Imagine that you’re reviewing your RMS’s recommended prices before the system automatically deploys them, and something seems off.
NB: This is an article from Duetto
Your best rooms have been selling out quickly, leaving little room for last-minute transient business that could boost profits. You’ve also noticed that business travel seems to be returning in spurts, forcing you to think about whether your pandemic-revamped segments would benefit from a reboot.
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You mention your concerns during a team Zoom with sales and marketing. Revenue numbers look amazing compared to the heart of the pandemic and comparable to years past, so you get a lot of blank stares. You recently noticed that your reviews have been gradually trending lower since you re-opened, and resources have been an issue – with 100% of your rooms open to welcome back guests, you’ve struggled to hire and retain customer-facing staff. Your two college-age kids helped out during the summer, but they’re back in school.
Even with the incredible boost that intelligent, automated RMS tools can provide, you can’t ignore potentially business-deflating trends that could remain (or be created) when you turn on system automation. ADR looks good, but your Total Revenue Per Occupied Room (TrevPOR) is trending downward, which could be the result of several factors – perhaps your three-star onsite restaurant hasn’t re-opened, for example, or you’ve made some safety-based decisions to reduce the number of rooftop bar and pool guests at any given time.
Your RMS should be tracking all of this and making appropriate adjustments to help you survive. Still, you’re worried about stagnant room type and segment definitions and contemplating overriding your RMS’s suggestions for premium room types until you can get a handle on how to adjust to shifting demand and uncertain staff availability.
Human vs. machine: collaboration or conflict?
The “intelligent revenue management application” concept is founded on the premise that analytics – more specifically, AI and machine learning – can help hoteliers fill rooms at optimal prices, all of the time, even in unpredictable conditions. Meanwhile, RMS vendors selling the promise of increasingly-intelligent analytics and optimization, are unwilling (or unable) to show what’s inside their algorithms. Somehow they serve hotels of all shapes and sizes on automated, black box virtual brains that can out-think revenue management experts.
Nothing could be further from the truth.
From a Gartner blog: “Through 2022, only 20% of analytic insights will deliver business outcomes.” The hotel industry can relate – clearly, RMS systems typically fall short in several areas if left to their own devices:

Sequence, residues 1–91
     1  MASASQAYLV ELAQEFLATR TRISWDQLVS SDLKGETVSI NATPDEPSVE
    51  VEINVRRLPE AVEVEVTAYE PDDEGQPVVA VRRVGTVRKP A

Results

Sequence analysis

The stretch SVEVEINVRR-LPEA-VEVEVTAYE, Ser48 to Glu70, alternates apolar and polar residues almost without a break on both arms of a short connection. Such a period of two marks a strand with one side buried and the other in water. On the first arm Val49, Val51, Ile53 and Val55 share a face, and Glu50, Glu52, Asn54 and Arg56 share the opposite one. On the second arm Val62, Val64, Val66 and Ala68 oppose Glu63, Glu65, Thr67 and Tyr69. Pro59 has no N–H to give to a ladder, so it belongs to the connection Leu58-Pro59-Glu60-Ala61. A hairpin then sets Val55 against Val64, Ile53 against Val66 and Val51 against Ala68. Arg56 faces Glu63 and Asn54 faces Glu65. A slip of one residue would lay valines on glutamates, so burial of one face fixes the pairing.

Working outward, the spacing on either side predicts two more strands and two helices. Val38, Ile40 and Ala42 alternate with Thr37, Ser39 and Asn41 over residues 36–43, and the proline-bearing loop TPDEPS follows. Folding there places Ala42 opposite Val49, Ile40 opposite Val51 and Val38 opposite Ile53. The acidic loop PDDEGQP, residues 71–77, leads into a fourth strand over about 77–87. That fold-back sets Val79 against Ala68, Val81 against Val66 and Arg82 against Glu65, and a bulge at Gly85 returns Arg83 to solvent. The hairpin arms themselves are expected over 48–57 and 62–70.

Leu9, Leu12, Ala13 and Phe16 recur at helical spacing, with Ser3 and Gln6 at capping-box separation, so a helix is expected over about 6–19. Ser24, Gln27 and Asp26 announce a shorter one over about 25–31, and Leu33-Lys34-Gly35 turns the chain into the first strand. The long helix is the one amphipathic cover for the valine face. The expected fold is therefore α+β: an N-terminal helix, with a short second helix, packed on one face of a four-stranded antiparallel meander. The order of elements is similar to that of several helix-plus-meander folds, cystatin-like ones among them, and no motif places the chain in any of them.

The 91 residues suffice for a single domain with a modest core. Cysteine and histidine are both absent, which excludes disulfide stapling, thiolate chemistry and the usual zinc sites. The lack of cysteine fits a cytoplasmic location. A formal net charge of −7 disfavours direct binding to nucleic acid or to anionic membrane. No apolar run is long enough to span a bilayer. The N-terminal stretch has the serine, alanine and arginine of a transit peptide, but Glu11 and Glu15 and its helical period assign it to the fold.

- No two hotels or brands are created equally. While RMS vendors increasingly tout the number of data sources within their algorithms, some of these data points (e.g., competitor pricing) may not be relevant to your specific business. If you have the #1 or #2 ADR rank in your comp set, your algorithm doesn’t necessarily need to look at what everyone else is doing publicly – clearly; you’re already doing it better.
- Most algorithms are still built around fixed price points by LOS and discounts. Unless your algorithms independently yield each segment, channel, and room type according to changes in demand, they’re not providing you the best possible price, every time, based on unconstrained demand and your business requirements. When your supply is fixed, demand shifts should raise or lower your prices. If and when you desire to flex your business (reducing occupancy to account for workforce constraints, for example), your RMS should adjust accordingly to account for the impact on your pricing distribution strategies, segmentation, room types, etc.
- Overrides can backfire – but not overriding can also backfire. All automated RMSs provide an “exit” if any of the pricing that the system generates doesn’t jibe with your strategy (or seems completely off the rails). Most pricing algorithms are naturally safeguarded to an extent, but this doesn’t mean they’ll give you the prices that will always help you more profitably fill your available rooms. In some systems, overriding will terminate the automation, which can lead to partial or full abandonment of the RMS entirely by frustrated DORMs. Seek out an RMS that learns from user overrides (effectively, machine learning), so it is more likely to price in alignment with your experience and strategy.
Is it possible, per the Gartner quote above, that RMS analytics aren’t solving the true business problem at hand? The most modern systems are tuned to deliver intelligent automated pricing based on a multitude of data points, but business strategy – and its ultimate impact on room (and other outlets) pricing – is often veering in so many different directions that analytics, left without supervision, can’t readily track.
So if analytics are making the best decisions they can, based on available data, there has to be some way to train and watch them so they (a) don’t make the wrong decisions, particularly when running in automation mode, and (b) they account for the strategies and guardrails that your business needs to not only be profitable but also to grow and differentiate your brand.